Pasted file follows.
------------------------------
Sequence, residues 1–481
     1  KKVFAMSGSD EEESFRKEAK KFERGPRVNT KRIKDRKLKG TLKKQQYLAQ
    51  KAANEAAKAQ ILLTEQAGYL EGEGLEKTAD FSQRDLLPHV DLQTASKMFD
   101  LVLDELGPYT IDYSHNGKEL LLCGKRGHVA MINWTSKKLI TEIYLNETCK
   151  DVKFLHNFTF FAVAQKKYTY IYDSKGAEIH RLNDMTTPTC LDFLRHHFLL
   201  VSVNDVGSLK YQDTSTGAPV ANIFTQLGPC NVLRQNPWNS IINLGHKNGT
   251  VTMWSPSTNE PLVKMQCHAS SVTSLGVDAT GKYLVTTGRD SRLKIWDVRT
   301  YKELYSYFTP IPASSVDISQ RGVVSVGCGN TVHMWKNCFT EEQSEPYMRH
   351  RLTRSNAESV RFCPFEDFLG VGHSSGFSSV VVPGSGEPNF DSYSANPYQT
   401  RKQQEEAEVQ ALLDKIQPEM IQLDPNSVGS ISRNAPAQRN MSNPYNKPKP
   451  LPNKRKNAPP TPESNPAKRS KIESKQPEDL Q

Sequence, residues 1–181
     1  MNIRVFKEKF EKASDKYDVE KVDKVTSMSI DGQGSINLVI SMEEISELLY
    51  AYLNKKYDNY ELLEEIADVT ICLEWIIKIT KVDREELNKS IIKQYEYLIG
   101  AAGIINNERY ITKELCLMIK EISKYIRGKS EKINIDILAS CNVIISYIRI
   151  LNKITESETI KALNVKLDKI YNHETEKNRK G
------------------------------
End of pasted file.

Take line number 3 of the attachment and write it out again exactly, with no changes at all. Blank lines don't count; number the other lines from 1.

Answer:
    51  KAANEAAKAQ ILLTEQAGYL EGEGLEKTAD FSQRDLLPHV DLQTASKMFD